A Surprisingly Good War Film
The Forgotten Battle is a well-written, gritty war movie that leans into its characters to deliver three parallel narratives. Those expecting a lot of action will be disappointed but the characters are well written and the way everything collides together naturally at the end serves as a nice way to conclude this film.
World War II is our setting and after a slick animation showing the advancement of the Allies across a map of Europe, the film wastes absolutely no time getting right to the heart of the drama. It’s September 1944 and the Allies have captured the port of Antwerp. However, celebrations are halted given the Germans still control the Scheldt estuary, preventing precious supplies from reaching Antwerp.
Walcheren Island is the key to the German’s defence, prompting Operation Market Garden – and the ensuing skirmishes beyond that – to be launched.
With three interwoven narratives, each leading to the same eventual conclusion, a handful of British troops are the primal focus of the front-line battles. Specifically, this falls to cocky William Sinclair, who begins as part of the RAF before crash-landing in Walcheren, stuck behind enemy lines and fighting for his – and his small band of comrades’ – lives.
Inside Walcheren, a Dutch teenager called Dirk stands up to the Germans but his actions lead to three soldiers losing their lives. This single action sees him go into hiding, kept in the basement and leaving his sister Teun in grave danger – and the narrative focus for the second plot.
The third and final story centers on Marinus, who happens to be a Dutch soldier who’s enlisted with the German army. Given the offensive is within his homeland, Marinus begins to question his purpose and just whose side he should be fighting on.
For the most part, the story does well although those expecting a lot of fighting and a non-stop chain of action and tension will be left disappointed. This is much closer to a character study and because of that, the middle portion of this film does tend to get bogged down as it shifts between the different players. However, sandwiched around this is are bursts of action, typified by a pretty exciting battle sequence lasting around 15-20 minutes at the end.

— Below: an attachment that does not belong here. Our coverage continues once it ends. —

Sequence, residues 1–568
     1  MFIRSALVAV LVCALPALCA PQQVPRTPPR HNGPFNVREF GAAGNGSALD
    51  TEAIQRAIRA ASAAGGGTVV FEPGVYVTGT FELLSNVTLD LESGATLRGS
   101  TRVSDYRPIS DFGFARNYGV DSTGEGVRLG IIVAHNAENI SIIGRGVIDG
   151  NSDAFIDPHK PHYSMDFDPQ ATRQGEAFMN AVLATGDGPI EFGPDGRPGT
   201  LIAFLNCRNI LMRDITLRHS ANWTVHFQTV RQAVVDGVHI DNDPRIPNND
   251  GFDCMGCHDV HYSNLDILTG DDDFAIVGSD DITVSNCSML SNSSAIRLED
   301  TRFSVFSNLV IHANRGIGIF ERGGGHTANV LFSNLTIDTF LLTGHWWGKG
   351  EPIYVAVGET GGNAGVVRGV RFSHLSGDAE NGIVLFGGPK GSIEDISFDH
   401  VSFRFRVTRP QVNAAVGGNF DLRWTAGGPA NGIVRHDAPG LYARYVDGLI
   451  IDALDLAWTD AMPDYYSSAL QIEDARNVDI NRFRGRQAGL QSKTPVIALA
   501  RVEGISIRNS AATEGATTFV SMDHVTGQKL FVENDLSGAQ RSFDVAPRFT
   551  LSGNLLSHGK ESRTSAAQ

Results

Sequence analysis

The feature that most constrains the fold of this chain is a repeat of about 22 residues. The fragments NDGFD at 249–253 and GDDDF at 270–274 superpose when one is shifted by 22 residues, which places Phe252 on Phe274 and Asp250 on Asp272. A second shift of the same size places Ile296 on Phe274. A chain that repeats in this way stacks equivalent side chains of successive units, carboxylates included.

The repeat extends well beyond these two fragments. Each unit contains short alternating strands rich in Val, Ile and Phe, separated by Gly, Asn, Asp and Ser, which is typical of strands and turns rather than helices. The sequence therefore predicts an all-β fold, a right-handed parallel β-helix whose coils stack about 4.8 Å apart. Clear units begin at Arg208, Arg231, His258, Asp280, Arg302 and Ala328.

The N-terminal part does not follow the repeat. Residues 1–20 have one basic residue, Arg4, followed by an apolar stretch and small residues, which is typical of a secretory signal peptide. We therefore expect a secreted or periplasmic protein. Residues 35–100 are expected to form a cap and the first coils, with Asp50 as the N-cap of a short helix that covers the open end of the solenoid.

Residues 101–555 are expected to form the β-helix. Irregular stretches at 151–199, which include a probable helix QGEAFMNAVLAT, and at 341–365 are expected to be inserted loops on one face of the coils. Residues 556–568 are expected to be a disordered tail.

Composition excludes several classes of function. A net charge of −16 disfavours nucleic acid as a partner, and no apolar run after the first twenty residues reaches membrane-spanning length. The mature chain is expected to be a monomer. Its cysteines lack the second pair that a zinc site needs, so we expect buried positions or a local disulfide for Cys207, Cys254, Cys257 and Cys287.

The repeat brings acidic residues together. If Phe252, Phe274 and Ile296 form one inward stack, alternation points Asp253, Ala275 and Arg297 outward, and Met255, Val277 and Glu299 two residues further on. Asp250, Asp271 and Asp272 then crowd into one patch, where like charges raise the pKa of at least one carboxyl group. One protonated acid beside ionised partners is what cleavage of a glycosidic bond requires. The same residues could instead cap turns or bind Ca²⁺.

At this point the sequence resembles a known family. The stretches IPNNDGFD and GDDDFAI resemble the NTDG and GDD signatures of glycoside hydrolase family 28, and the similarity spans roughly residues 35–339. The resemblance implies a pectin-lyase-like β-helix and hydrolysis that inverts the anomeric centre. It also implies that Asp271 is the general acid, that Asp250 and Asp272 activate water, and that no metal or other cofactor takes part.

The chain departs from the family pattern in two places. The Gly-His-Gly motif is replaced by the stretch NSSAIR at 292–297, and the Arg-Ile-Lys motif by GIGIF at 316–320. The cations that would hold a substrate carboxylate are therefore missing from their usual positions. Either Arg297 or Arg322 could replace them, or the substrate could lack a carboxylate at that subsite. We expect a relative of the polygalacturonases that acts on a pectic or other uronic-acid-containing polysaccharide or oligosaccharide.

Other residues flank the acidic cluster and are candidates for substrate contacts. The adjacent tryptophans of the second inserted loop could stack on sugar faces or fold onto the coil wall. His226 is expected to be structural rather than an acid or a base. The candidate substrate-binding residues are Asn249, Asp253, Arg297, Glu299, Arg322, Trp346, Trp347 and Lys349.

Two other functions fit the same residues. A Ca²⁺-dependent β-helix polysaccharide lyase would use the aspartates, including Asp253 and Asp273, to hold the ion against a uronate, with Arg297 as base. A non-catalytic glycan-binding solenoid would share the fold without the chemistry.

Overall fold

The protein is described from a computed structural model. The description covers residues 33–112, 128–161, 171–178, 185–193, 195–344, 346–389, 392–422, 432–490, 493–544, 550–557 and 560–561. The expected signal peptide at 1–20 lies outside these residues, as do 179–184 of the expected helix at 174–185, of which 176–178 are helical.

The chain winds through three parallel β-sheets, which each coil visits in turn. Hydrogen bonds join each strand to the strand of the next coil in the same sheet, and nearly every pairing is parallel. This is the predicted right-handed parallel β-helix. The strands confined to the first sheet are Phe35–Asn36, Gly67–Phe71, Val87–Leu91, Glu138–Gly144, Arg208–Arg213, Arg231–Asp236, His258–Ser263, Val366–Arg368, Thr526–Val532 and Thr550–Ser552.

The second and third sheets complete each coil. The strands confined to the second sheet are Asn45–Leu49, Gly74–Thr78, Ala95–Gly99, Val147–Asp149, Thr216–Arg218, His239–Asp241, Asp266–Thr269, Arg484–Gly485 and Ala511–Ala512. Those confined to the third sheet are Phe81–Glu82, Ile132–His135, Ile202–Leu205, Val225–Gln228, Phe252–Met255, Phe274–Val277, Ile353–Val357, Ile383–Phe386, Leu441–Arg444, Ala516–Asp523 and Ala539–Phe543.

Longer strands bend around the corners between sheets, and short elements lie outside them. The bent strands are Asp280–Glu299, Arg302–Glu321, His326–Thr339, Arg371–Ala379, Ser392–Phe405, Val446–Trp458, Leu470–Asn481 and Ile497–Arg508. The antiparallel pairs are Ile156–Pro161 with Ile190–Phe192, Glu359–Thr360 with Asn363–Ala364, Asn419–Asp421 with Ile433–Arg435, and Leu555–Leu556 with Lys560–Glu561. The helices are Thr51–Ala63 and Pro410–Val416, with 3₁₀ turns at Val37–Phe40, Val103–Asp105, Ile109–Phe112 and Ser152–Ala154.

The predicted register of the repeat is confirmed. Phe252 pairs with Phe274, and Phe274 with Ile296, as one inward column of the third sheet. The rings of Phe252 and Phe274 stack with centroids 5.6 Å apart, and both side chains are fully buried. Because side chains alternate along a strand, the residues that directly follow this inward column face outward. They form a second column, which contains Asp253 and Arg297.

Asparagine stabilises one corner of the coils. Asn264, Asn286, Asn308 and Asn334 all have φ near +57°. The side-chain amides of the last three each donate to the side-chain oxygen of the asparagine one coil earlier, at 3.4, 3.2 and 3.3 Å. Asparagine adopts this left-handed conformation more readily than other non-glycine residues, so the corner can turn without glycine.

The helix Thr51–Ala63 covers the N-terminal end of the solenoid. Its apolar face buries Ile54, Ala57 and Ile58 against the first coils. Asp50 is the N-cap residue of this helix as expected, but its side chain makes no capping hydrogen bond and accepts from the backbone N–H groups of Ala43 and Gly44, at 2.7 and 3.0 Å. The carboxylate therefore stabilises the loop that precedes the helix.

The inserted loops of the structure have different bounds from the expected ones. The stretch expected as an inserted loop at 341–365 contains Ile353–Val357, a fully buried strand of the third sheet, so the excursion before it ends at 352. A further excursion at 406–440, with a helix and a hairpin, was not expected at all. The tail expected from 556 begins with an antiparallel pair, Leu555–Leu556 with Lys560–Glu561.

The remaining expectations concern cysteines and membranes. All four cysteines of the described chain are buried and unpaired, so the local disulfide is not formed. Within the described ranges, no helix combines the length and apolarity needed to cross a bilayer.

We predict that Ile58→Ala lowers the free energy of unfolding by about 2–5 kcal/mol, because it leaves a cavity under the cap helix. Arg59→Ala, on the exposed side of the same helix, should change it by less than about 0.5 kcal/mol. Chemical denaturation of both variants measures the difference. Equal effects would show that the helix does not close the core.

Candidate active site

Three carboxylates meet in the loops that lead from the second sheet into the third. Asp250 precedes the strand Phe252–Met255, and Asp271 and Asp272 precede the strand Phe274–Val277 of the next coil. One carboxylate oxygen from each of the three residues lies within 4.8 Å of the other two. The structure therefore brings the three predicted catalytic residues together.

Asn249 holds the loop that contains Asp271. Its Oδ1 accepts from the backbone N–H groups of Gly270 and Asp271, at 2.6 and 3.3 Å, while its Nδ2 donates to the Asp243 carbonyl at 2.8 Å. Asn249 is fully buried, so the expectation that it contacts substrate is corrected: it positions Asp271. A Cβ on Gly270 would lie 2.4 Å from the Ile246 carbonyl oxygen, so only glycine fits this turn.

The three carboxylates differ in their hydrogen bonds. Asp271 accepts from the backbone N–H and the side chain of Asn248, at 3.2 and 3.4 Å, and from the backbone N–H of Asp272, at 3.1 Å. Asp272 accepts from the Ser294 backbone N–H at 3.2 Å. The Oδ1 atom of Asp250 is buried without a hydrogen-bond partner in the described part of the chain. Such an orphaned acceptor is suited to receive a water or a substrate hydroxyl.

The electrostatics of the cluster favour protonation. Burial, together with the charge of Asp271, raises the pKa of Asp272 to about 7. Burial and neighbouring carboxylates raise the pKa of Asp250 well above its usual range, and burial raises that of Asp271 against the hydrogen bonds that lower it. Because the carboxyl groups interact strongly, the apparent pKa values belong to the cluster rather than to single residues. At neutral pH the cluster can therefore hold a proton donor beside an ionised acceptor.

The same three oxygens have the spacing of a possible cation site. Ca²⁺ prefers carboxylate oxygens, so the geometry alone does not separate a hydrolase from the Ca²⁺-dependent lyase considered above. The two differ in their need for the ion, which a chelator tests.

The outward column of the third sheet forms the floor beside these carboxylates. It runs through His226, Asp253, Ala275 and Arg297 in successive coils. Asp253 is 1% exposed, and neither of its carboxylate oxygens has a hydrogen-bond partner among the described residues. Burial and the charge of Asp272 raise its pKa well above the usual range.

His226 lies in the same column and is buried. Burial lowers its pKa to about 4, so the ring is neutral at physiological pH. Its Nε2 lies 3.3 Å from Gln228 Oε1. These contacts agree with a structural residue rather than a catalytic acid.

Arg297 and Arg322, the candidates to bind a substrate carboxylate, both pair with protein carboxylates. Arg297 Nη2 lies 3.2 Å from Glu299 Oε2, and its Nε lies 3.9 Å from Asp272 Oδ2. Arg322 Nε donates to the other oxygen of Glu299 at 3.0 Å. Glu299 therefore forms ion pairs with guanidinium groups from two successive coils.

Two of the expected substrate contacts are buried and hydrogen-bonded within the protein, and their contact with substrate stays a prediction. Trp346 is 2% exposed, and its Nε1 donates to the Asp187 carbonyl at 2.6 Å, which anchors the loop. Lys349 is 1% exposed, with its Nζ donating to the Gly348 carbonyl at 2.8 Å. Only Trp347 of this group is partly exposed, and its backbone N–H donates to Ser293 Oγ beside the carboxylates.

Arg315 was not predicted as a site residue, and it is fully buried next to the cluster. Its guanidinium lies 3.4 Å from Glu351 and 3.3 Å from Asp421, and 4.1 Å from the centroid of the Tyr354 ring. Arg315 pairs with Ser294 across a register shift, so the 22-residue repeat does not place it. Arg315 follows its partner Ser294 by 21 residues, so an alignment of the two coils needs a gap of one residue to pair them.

The action itself though is gritty, well shot and pretty accurate too. Now, I’m no historian but the guns and costume design all look authentic and there’s a real boots-on-the-ground feel that mirrors the tension and visceral action seen in Band of Brothers or Saving Private Ryan.
While the opening skirmish, involving a rocket launcher blowing up a tank is probably the best pick of the bunch, the action at the end should be enough to make the patient wait until that point worth it.
Visually, there are some absolutely stunning shots. One establishing scene late on, as the sky paints a murky grey and wisps of smoke cross the battlefield, paints silhouettes of Allied soldiers walking toward the camera. It’s hauntingly beautiful and these picturesque moments crop up throughout the movie.
There’s another as dawn rises across the water outside Walcheren, along with a particular highlight in the sky as the camera pans across to show the sheer number of Allied fighters joining the operation.
I mentioned before about visceral action but don’t go in expecting a lot of blood and guts. This is a film that’s much more interested in telling three consistent stories rather than throwing in buckets of blood and gore for shock value. There are still moments that grip you – such as a soldier missing an arm – but mostly this is a movie that focuses on telling a coherent story.
As far as war movies go though, The Forgotten Battle is surprisingly good – especially for a 2021 film. The action is well-choregraphed, the visuals are stunning and the three stories work well in the context of the time period. While it is perhaps a little too slow during the middle portion and the civilian story isn’t quite as strong as it could be, this is definitely one of the better movies released this year.
Verdict - 7.5/10